By Rebecca Bulnes
By S. Pajot
By S. Pajot, Liz Tracy, Kat Bein, & Sean Levisman
By Kat Bein
By Ashley Rogers
By Jose D. Duran
By David Rolland
You have to figure that any band with a song titled "Cake and Sodomy" is not likely to be populated with shrinking violets.
Marilyn Manson and the Spooky Kids seek to embody everything everybody's parents always hated about rock and roll, and in the process they've become one of the most talked-about unsigned original acts on the local music scene. Their notoriety springs partly from their name, partly from their twisted live concerts, and partly from the fact that the Marilyn Manson persona is only partially put on. The media have had great difficulty separating act from fact.
As a result, the image has tended to overshadow the music. This is unfortunate, since Marilyn and the girls - Daisy Berkowitz on guitars, Gidget Gein on bass, keyboardist Madonna Wayne Gacy, and the newest Spooky Kid on the block, Sara Lee Lucas - are purveyors of a unique, hard-edge rock sound that stands on its own merits.
The band's sound is a sonic throwback to the days of psychedelic vocals and lysergic guitars. "We're what heavy metal should have been," says Marilyn, lamenting the onset of "commercial hair monsters with pretty guitars" (did someone say Bon Jovi?).
The front person-vocalist is fond of utilizing electronic voice distortion to create a wide range of bizarre effects. In the process Marilyn resurrected the lost art of singing through a megaphone, which hasn't been put to such good use since "Winchester Cathedral." He (Marilyn is a guy, as are the rest of the Spooky Kids) claims to have recently mastered the rudiments of carrying a tune, although such a skill is not a prerequisite for most of the band's songs. "I'm never going to be another Kip Winger," Manson admits.
Not that it matters. Guitarist Berkowitz is the driving force behind the edgy, forboding sound, while Manson supplies lyrics and "spiritual leadership." Together they create a hard-core symphony that can veer wildly from crashing rock thunder to industrial thump, and then segue into a contorted lullaby. Effuses the prestigious industry rag Music Connection, "[Manson's] angst-filled, four-song demo tape is filled with punkish rock tunes that will keep your juices flowing...." There are echoes of early Black Sabbath in the music, as well as the Pixies, but the band Marilyn and company most evoke is the Doors.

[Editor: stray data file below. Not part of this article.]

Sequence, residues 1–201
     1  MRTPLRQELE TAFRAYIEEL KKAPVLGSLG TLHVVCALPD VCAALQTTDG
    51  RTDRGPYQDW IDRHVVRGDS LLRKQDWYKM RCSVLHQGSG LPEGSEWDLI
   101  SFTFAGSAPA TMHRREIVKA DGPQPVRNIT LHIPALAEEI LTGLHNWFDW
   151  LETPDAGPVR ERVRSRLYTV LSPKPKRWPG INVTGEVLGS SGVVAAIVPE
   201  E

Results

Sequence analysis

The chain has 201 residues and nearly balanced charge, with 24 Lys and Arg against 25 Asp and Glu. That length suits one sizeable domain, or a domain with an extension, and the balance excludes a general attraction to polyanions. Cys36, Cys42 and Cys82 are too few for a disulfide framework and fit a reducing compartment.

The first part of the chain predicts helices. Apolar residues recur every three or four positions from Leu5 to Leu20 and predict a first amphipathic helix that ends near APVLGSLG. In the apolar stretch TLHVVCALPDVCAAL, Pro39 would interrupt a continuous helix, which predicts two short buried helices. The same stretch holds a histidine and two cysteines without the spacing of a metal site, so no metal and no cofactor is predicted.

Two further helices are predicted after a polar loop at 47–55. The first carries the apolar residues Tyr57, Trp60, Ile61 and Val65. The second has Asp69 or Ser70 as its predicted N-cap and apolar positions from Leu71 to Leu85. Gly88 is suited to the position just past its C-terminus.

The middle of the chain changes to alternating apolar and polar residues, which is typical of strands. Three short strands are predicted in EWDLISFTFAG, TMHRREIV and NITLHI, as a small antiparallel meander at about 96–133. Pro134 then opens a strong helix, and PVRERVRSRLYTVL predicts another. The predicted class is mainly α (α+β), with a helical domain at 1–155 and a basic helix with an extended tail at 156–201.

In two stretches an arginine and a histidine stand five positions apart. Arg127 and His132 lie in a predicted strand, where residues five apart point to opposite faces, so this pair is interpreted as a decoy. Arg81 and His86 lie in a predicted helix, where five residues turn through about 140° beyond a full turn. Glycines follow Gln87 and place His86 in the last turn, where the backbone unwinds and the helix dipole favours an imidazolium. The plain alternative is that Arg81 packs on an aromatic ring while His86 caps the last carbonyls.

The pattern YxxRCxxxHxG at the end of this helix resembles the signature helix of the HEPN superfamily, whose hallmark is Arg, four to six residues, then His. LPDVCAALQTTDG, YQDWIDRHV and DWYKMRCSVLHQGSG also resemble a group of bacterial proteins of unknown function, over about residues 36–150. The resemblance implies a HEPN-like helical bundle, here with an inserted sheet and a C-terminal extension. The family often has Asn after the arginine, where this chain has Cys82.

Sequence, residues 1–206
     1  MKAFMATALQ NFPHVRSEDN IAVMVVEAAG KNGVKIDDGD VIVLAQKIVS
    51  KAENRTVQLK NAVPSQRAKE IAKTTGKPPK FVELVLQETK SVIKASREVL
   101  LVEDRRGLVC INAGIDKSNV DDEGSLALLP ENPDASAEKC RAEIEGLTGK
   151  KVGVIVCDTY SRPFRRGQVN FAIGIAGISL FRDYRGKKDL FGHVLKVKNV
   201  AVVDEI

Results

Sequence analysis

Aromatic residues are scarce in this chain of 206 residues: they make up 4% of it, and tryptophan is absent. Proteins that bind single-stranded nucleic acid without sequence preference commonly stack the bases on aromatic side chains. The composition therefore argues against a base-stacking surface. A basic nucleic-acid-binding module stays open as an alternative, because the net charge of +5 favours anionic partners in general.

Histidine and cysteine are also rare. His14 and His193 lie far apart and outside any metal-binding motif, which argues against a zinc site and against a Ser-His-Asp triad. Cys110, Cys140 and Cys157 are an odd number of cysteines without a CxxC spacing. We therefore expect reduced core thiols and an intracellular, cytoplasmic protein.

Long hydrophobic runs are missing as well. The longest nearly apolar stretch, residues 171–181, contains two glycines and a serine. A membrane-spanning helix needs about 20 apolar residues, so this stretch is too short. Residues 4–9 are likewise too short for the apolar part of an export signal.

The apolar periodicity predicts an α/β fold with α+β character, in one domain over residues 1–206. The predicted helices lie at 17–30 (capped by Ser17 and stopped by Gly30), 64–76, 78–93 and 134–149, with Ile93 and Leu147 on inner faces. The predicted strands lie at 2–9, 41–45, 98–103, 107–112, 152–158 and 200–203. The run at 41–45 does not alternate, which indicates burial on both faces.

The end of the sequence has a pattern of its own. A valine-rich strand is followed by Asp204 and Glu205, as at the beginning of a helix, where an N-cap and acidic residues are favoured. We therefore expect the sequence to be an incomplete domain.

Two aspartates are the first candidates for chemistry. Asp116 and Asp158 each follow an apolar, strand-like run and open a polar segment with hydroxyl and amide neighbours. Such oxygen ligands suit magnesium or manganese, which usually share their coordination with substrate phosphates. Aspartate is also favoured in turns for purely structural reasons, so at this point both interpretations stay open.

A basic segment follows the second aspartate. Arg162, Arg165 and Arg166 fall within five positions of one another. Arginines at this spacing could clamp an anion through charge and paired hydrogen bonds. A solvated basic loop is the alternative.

Jim Morrison's linking of sex and death, violence and glamour, are themes oft-repeated in Marilyn Manson's songwriting. So thin he would give anorexia a bad name, with Tom Petty lips and long, straight hair, Marilyn bears little physical resemblance to the Lizard King. The similarity is in the enthrallment with extremes of human behavior, and the willingness, even eagerness, to observe or participate in same. Marilyn is both beguiled and repulsed by the consequences of the psyche unbound. This has led to a (some would say morbid) fascination with serial killers, particularly his swastika-engraved namesake. He professes amazement, however, that anyone would assume that he also condones these miscreants' murderous behavior. Marilyn on Jeffrey Dahmer: "What the guy did was really horrible. I mean, just disgusting. I have to admit that he's pretty clever; he totally made fools out of the law enforcement people up there. But no, I don't think what he did was all right. I think it was pretty terrible."
"I never told anyone to go out and kill anybody," he says, and then apologizes for borrowing the line from his semihero, Charlie Manson. A few of the latter Manson's pearls of wisdom appear in the Spooky Kids' harrowing tribute, "My Monkey," with lyrics that could pass for a nursery rhyme in a different setting. The way the Spooky Kids deliver it is closer to Stephen King than Mother Goose.
"Everything I say and do is real," Marilyn continues. "I don't do drugs because people expect me to. I don't like serial killers just to be cool. I thought - I still think - that most of us are fascinated by them. That doesn't mean I think we should emulate them. I got the Charles Manson album when I was a senior in high school. I don't agree with everything he said, but I agree with a lot of it, and I like a lot of his poetry."
Marilyn invokes Charlie's name matter-of-factly, which, by and of itself, is probably enough to scare people. But his voice is calm; there is no sense of hysteria or sensationalism. It doesn't feel like hype.
"I like to show people their own fear," he explains. "If people are afraid of being gay, then they're going to think we're a bunch of fags. If people are real religious, they're going to say we're Satanic. Everything people say about us is more a reflection of what they think than it is about what we think.... I give them [media hounds such as yours truly] everything, and they pick and choose what they want."
It is in this spirit that M.M. has been quoted as advocating everything from LSD to cannibalism. The band is happy to feed an interviewer with an obvious bias exactly the bullshit he or she wants to hear. Like Charlie, Marilyn Manson has a knack for media manipulation. In the latter's case, it is at least partially attributable to a two-year stint as a print journalist that preceded the leap to high-concept band leader. Marilyn is adept at pushing interviewers' buttons, and cannot resist the urge to say something totally outrageous when the opportunity arises.